[rdfweb-dev] NEEDED: SIMPLE FOAF->Javabeans conversion

Dan Brickley danbri at w3.org
Tue May 4 23:34:03 UTC 2004

Marc Canter wrote:

> My good friend Danny Ayers turned us (Tribe in this context) onto this 
> entire system for converting rdf to Java. 
> But we don’t need all that.  That’s overkill.  It’ll take more time to 
> just deal with all that, then to…
Yup, sounds like overkill I agree. Java and RDF have somewhat different 
object models, I'm not sure a mapping really makes sense.

> Anyway – here’s what the Tribe is looking for:
> -          their whole world if Javabeans
> -          they want to convert FOAF to and from their world
> -          this will lead to a demo showing Ecademy (thank you jUlian – 
> in advance) connecting FOAF files with Tribe.net.
> -          that then leads to a formal chartering of a FOAFnet fo 
> commercial FOAF based systems
> -          but first things first we need aworking demo
> -          and that requires moving FOAF into and out of Javabeans
> -          J
> The statement was “isn’t there somebody out there who’s converted FOAF 
> into Javabeans?”
> So I ask you – dear mail list – is there?

A couple of perspectives:

i) if you are only working with a super-constrained subset of FOAF, and 
have no need to represent properties and relationships from other 
namespaces, you could create Java classes that exposed FOAF data as 
Javabean properties.

ii) if you want more of the flexibility and squiggly flexibility of FOAF 
and general RDF, it is probably best to use a full Java RDF API such as 
Jena. I'm not up on the state of play re exposing Jena's RDF graph API 
in a Javabean-oriented example, but some pointers...

(from Leigh Dodds, who can perhaps comment further). His technique is a 
hybrid of these two options,
	The responses from the web service are made available in two 		 
formats: as "raw" RDF (actually Jena 2 Model instances) or via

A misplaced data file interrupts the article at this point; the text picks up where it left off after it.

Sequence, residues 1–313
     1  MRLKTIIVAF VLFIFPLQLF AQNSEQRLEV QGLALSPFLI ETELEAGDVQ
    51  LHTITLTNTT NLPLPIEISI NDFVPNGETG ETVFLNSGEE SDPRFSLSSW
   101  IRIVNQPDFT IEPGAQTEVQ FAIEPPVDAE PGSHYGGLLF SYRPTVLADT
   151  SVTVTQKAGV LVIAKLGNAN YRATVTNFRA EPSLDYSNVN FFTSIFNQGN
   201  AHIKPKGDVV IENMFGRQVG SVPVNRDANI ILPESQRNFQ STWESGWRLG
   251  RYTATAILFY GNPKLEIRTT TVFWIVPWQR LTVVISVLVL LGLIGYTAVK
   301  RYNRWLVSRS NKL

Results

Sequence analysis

some simple JavaBeans (Artist, Album,  Track, TrackSummary).
         These JavaBeans are instantiated by a factory class
         (BeanPopulator) which is capable of navigating the RDF graph
         returned by different MusicBrainz queries and pulling out the
         required data.

I suggest pointing the Tribe folks at that, to get an idea of the two 
styles, and also perhaps at the Jena tutorial c/o
http://www.hpl.hp.com/semweb/doc/tutorial/ (including RDQL tutorial, 
http://jena.sourceforge.net/tutorial/RDQL/) to give an idea of what 
using the RDF API might look like. The examples there often use vCard 
but the principles are similar 
(http://www.semanticplanet.com/2003/05/parsingFOAFWithPHP.html has more 
FOAF-specific RDF API examples, but using PHP).

http://www.xml.com/pub/a/2001/05/23/jena.html and 
http://www.hpl.hp.com/personal/bwm/rdf/jena/rssinjena.htm are a couple 
of older pieces, which also give a feel for the way Jena works (but 
which might not be up to date). Note also the above tutorial is for Jena 
1.x not 2.0. It should give Java hackers some sense for how to work with 
RDF in Java though. Regarding Beans, it would be good to hear a bit more 
about what exactly they need to do. For eg., Javabeans offers a bunch of 
functionality for serializing objects into various kinds of long-term 
state (to file, to databases, etc.). It also offers "getters and 
setters" to expose data to application code and to templating engines 
such as Velocity. My hunch and http://weblog.tribe.net/mt/paul/ suggests 
that Tribe are using Velocity, ie http://jakarta.apache.org/velocity/ so 
  if that's the case, we could narrow down our research and go looking 
for folk with experience exposing RDF data (via Jena I'd expect, but 
maybe Sesame or Redland) into a Velocity templating environment.

Nosing around, the Simile project and some other work at HP Labs is 
doing this. Worth investigating further?

Hope this helps,



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